If you were planning to see the epic conclusion to the first-ever Overwatch League tournament, you’d best hope you already have tickets. If you don’t, you’re out of luck.
The event is set to take place from July 27th to July 28th in Barclays Center of Brooklyn, New York.
Overwatch League Event Planner Nate Nazer said he knew the event was going to be large because of all the enthusiastic fans, but this is “something else”.
Barclays Center has the goal of becoming the location for more major Esports events, says Keith Sheldon, vice president of BSE global.“That vision is taking shape as a result of a great partnership with the talented team behind the Overwatch League.”
Through its entire first season, Overwatch League got off to a running start and never looked back. The days leading up to its launch were jam-packed with more than a fair bit of excitement, and that certainly shone through to the actual launch, with the opening week drawing in an excess of 10 million individuals. Viewership peaked at a jaw-dropping 437,000 on the first day, and fell off a bit on Saturday and Friday. Viewing numbers for the rest of the season weren’t quite as spectacular but were still a huge success, and if not for a $90 million deal that Blizzard struck with Twitch to make them the only ability to view the League live outside of China, it would almost certainly have appeared on live television.
But despite the league’s massive leaps and bounds for both itself and all Esports enthusiasts, many remain doubtful of its ability to grow past its current form. David Thier of Forbes writes about one of the possible issues with the league in an article suggesting that the problem with the Overwatch league is that it’s too focused on the game itself.
He lists a comparison between Overwatch and a Football team, where he attributes the success of a particular Football team and player to successes by the players, while the successes of teams in the Overwatch league are based more on their ability to find the best and most powerful components of the game’s latest patch and use those to their advantage. He says the game’s constant cycle of updates and developer love actually hurts the game’s competitive scene, as the patches and changes occur so frequently that there’s not enough time for players to distinguish themselves through their skill with a particular hero. Even if a player has a fantastic Mccree and has become notorious for their fantastic Mccree plays, many believe that the latest Hanzo rework has made Hanzo a better hero overall than Mccree. The snapshot Mccree player will be encouraged to make the swap over to Hanzo, and they will do so for the sake of their team. While they still might land the same number of incredible shots, some part of what made that player distinctive has been lost.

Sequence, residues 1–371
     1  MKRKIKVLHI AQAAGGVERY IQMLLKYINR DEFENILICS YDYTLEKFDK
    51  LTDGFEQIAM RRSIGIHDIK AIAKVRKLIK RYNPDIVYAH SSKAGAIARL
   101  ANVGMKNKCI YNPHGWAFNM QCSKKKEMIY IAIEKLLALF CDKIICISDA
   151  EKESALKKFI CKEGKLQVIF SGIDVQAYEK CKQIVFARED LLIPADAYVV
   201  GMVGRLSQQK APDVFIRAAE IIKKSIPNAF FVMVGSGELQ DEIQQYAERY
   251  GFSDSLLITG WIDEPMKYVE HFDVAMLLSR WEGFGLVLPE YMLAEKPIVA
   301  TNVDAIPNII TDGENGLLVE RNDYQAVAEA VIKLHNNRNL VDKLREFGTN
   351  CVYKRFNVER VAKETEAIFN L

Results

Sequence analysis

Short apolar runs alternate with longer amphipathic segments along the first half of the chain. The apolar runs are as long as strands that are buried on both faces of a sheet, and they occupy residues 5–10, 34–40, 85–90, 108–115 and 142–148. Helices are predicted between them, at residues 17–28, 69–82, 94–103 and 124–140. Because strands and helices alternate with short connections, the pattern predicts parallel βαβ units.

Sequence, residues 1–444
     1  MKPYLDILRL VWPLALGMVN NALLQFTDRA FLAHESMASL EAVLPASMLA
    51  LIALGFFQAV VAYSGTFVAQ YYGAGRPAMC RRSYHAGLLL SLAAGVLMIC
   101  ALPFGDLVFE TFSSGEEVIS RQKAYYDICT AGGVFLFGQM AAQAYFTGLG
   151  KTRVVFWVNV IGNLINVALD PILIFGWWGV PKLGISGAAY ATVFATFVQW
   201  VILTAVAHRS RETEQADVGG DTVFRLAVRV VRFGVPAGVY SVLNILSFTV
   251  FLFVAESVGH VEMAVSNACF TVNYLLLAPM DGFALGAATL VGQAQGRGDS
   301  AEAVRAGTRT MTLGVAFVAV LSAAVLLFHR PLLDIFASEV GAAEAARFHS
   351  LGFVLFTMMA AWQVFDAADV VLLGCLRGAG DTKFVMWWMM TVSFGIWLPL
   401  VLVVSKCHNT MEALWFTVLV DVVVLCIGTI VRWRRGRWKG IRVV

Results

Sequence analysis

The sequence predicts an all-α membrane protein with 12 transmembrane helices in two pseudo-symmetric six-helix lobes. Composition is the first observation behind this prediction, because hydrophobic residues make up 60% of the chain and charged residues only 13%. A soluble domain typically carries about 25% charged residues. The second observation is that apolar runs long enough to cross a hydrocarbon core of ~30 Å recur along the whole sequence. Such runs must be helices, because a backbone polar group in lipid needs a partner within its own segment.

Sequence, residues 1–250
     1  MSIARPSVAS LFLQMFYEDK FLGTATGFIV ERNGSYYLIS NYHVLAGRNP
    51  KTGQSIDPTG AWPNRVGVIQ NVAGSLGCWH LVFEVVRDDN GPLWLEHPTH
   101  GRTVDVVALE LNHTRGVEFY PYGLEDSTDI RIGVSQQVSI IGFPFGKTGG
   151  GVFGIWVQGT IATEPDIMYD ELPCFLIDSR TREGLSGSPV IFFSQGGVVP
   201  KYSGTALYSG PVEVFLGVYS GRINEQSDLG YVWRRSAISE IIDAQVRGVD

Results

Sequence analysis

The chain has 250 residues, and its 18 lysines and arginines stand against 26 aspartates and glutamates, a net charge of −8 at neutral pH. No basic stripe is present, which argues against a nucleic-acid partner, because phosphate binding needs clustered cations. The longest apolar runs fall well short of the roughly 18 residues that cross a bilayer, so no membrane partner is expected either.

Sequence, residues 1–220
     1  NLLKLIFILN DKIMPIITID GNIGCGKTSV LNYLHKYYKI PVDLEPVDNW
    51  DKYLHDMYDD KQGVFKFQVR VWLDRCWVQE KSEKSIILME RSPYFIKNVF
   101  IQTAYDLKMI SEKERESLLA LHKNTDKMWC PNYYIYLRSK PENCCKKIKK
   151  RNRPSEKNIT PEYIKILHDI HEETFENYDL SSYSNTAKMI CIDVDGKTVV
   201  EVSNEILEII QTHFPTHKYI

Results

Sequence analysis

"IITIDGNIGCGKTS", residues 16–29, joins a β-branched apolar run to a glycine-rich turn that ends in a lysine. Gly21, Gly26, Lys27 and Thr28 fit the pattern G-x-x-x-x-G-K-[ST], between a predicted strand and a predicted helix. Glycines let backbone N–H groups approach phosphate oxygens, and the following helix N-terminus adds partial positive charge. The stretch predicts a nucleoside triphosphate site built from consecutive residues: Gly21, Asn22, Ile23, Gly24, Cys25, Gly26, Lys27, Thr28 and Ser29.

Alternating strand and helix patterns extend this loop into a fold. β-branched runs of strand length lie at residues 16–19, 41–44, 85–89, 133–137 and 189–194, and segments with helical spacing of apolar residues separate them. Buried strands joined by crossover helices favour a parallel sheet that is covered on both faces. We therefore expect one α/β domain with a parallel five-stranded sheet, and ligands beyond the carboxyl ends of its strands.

Due to the constantly changing meta, its impossible for a player to identify themselves with particular niche moves or hero tactics that no one else really does. Instead, the best identifier they can hope for is “Good DPS player” or “One of the best supports”.
This is an issue that also plagues many competitive fighting games. For example, when the final downloadable character for Super Smash Bros. For Wii U, Bayonetta, was first released, she was considered the best character in the game by a very large margin, able to due far more damage than any other character while still having very fast movement and long reach on her attacks. This led to one of the most controversial Smash 4 tournament grand finales ever, where one player played Bayonetta and another did not. The non-Bayonetta player was believed to be the fans to be the better player, but ended up losing anyway due to the huge uphill battle he was facing. Fans of the game believe he only won the game because of the character he chose. He figured out a trick in the game’s mechanics without having to rely on skill.
But while this might be an issue in the long run of competitive Overwatch, it doesn’t seem to be bothering all the fans that have already reserved their seats for the league’s grand finals.